Thematic & sector funds are risky prospects for new investors, only seasoned ones should opt for them…
29-Mar-2011 •Research Desk
I have 5 SIP's of Rs 1,000 each in Reliance Growth, UTI Opportunities, UTI Banking Sector, DSPBR T. I. G. E. R, UTI RBP. I am a long term investor. How is my portfolio looking should I change any of the schemes?
- Sachin Joshi
Your selection of funds is not planned and appears to be random, despite some good funds and diversity across fund category. You should understand that diversification in style works rather than numbers. You have a banking sector fund and an infrastructure thematic fund accounting for 40 per cent allocation in your portfolio. No doubt these funds offer scope for high returns; they also come with a high degree of risk. It is on account of these risks that thematic or sector funds are not for investors who are new to investing.
These funds are for seasoned investors who have a diversified portfolio and are willing to allocate a small portion to these funds in order to augment their returns. Such investors should be aware of the risks posed by these funds. Moreover, these funds need active tracking and management as their performance depends a lot on market and economic developments.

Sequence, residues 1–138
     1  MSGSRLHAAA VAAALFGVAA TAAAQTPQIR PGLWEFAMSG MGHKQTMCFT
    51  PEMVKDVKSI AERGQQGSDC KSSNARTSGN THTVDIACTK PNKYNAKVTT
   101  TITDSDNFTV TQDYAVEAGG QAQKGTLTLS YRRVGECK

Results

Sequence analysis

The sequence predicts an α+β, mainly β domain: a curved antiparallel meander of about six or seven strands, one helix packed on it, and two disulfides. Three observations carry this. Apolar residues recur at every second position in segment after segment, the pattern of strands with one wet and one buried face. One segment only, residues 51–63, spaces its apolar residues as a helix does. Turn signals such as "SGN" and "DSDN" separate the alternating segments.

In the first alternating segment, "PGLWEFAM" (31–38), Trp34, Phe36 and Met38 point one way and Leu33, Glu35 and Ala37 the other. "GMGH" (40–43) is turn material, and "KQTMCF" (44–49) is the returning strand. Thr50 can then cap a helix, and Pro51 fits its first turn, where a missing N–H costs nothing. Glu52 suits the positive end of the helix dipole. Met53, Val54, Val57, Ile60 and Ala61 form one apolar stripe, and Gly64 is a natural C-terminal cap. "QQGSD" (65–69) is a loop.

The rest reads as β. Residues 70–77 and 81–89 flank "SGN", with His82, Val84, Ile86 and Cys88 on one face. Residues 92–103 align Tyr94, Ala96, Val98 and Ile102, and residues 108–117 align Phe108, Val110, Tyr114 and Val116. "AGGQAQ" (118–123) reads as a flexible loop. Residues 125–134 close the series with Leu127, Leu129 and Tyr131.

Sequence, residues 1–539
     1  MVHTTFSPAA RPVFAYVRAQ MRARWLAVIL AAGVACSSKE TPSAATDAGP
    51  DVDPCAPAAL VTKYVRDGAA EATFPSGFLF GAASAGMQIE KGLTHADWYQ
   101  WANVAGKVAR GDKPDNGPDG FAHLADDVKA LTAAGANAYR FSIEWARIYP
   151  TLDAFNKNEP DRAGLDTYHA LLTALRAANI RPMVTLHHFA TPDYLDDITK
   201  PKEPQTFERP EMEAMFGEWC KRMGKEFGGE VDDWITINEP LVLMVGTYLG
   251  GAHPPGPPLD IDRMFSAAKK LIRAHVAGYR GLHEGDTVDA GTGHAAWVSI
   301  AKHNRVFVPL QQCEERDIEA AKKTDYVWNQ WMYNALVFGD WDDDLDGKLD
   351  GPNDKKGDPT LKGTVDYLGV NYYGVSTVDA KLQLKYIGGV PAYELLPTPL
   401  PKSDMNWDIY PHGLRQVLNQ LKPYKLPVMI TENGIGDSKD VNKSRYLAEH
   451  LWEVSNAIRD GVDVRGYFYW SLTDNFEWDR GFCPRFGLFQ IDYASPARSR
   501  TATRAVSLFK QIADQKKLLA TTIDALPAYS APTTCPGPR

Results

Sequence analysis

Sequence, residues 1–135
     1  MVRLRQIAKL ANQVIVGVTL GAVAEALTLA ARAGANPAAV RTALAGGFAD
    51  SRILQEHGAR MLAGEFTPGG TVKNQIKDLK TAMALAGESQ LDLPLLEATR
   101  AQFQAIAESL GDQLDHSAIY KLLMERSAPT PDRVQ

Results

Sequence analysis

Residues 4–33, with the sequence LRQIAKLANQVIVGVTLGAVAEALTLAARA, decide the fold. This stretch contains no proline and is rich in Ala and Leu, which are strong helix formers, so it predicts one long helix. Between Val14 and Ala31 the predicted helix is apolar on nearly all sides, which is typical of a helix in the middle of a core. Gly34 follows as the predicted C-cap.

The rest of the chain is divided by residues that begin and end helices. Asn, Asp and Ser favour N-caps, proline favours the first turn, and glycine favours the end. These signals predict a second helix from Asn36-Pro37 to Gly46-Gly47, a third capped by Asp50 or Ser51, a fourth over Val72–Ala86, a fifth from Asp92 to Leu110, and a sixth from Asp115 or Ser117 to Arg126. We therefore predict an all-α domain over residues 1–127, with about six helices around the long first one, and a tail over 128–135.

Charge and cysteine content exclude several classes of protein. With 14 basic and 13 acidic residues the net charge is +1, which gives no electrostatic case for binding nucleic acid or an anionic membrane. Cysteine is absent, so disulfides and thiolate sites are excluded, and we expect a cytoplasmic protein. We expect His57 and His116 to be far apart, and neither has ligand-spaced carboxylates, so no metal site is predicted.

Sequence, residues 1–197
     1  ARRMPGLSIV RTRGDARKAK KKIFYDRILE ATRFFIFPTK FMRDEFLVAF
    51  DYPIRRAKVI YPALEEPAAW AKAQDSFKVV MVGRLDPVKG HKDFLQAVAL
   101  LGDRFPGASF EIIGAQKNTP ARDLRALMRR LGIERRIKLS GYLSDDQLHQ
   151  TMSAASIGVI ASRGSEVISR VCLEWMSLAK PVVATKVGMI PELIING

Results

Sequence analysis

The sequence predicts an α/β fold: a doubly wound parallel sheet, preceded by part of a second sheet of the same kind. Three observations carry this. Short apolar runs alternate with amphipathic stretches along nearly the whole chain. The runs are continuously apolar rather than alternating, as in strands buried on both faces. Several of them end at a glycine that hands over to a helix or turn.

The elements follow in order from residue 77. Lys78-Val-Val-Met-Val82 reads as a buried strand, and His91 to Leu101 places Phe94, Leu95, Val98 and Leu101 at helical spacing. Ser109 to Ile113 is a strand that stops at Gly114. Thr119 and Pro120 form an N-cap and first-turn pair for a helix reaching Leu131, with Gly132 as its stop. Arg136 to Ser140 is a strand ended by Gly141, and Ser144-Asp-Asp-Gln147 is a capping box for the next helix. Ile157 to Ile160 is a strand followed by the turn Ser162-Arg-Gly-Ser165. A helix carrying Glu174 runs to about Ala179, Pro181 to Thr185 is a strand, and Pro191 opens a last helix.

You will be better of by building a portfolio that is based on the core and satellite approach. This approach will provide the necessary stability and growth for long-term wealth creation. Ideally, you should look at investing 70-80 per cent in core funds and the remaining in satellite funds.
You can have 2-3 funds as core holdings comprising large-cap and large- and mid-cap funds, with the satellite component with sector funds and multi-cap funds to achieve long-term wealth appreciation. This way, the investments have the ability to absorb shocks as well as have the potential to earn higher returns over various market cycles.